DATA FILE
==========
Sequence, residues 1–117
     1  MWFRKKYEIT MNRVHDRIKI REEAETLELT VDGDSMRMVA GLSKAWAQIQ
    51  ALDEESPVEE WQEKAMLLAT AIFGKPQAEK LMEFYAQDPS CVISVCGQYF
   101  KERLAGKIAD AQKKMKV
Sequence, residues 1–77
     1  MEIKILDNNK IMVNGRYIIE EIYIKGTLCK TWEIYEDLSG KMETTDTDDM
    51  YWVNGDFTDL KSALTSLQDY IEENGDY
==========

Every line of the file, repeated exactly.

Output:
Sequence, residues 1–117
     1  MWFRKKYEIT MNRVHDRIKI REEAETLELT VDGDSMRMVA GLSKAWAQIQ
    51  ALDEESPVEE WQEKAMLLAT AIFGKPQAEK LMEFYAQDPS CVISVCGQYF
   101  KERLAGKIAD AQKKMKV
Sequence, residues 1–77
     1  MEIKILDNNK IMVNGRYIIE EIYIKGTLCK TWEIYEDLSG KMETTDTDDM
    51  YWVNGDFTDL KSALTSLQDY IEENGDY